It was a beautiful night — a light breeze, 75 degrees — perfect for an outdoor gathering. About 3,000 family members and friends came together Thursday evening to share in the final ceremony for the 2006 graduating class of Duncan High School.

Over 220 red-robed students lined up on the track of Halliburton Stadium, making last-minute cell phone calls and hanging over the fence for one more hug before the band began the familiar “Pomp and Circumstance.” The crowd rose to its feet as the seniors began their single-file march.

Once seated, all were cheerfully welcomed by Whitney Cox. In a theme that was repeated throughout the night by several young speakers, she thanked those who had guided them to this milestone. “Thanks for giving us our wings.”

During a recognition of senior parents, Meredith Branch read a poem about how quickly a child grows up. It spoke of how time passes “in the blink of an eye” — about as long as it took her to read the poem.

The graduates had a special presentation to make, wishing to honor the memory and life lessons taught by Destry Horton, a firefighter who died in March from injuries suffered while fighting fires in Stephens County. Ashlee Cook called Horton’s widow, Brandy, and two daughters, Kylie and McKenzie, to the stage and presented $750 each for the girls’ college funds.

“It is our hope you will grow and learn to live with love, hope and faith,” Cook told the youngsters.

Noting the lack of a single speaker, Matthew Cox said no address would be made by a politician or celebrity at this commencement. More appropriately, he said, the speakers would be the politicians or celebrities of the future — members of the Class of 2006.

Cox also pointed out that having four members of the class give the special addresses was also better because “we work for free.”

Jared Smith’s task was to speak of the importance of having a positive attitude and outlook. He did so by example, momentarily losing his place but cheerfully pushing forward with his glass half empty/half full parable.

Smith finished with a Bible quote from John 4 and advised, “If you are empty, go to Jesus. If you are full, thank God for your blessings.”

He also invoked Monty Python — “Always look on the bright side of life” — and left the stage whistling.

Keyorie Mayfield then spoke on the impact of teachers, family and friends. Even when the breeze spirited away a page of her speech, Mayfield continued with her praise of the teachers whose wisdom and passion had been an inspiration.

“Our parents have told us we can do anything and, thanks to our teachers, we can,” she said.

Friends was the topic addressed by Jenna Bethany. She pointed out that many in the class had been friends since kindergarten and that a friend is one who holds you up in the bad times and makes the good times better.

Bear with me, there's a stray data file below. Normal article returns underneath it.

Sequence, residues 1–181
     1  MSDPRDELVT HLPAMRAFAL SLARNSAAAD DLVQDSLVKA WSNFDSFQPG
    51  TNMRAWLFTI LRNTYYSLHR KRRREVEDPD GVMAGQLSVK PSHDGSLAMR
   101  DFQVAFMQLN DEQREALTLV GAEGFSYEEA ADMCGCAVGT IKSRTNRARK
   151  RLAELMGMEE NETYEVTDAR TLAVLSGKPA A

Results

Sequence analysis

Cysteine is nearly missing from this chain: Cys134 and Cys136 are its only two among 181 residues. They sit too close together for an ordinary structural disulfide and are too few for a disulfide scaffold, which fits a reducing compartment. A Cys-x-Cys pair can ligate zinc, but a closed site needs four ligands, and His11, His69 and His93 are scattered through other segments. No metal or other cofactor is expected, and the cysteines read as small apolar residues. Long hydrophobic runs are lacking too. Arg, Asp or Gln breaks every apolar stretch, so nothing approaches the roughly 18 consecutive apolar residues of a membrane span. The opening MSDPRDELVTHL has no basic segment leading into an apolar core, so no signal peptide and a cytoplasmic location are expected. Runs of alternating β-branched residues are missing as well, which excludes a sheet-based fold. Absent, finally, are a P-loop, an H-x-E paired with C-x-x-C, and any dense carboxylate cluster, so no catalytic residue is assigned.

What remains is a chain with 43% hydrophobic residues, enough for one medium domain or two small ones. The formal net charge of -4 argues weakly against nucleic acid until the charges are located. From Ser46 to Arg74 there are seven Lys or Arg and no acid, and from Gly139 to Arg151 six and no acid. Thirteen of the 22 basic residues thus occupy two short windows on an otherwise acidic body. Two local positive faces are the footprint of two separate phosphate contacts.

Bethany had an answer for the age-old parental question: If your friends all jump off a bridge, would you?

“I would not follow them,” she said, “but I would be at the bottom to catch them when they fall.”

“Duncan has been good to us — the world will not be as kind,” Bryan Hughes said, as he discussed morals and principles.

He recommended three traits to cultivate: Love of self and being who you are; treating everyone with equal kindness; and knowing one’s place, putting God first and the interest of others second.

Hughes said loving life would help them find happiness and peace of heart.

In the only comments delivered by an adult, Shelly Lovelace performed her last duty as principal of DHS and declared the members of the Class of 2006 to be graduates. Her pronouncement was greeted with an eruption of beach balls and silly string.

The light-hearted mood continued through the next 45 minutes as the name of each graduate was called out by Amanda Stewart and Chris Morris, incoming presidents of the senior class and Student Council, respectively.

The enthusiasm of the crowd never waned. Clapping, shouting of names and air horn salutes of varying degrees greeted each senior as he or she crossed the stage in a loosely alphabetical order.

Edmond Culberson literally danced across the stage to accept his diploma.

A black and white dog snuffled about the football field and a plastic shark occasionally bobbled above the red mortarboards.

The brief, final comments were from Courtney Watkins, the 2006 Crossman Award winner. She thanked the teachers, community and families for always being there.

She quoted 1 Timothy 4:12 and then exclaimed, “We made it!”

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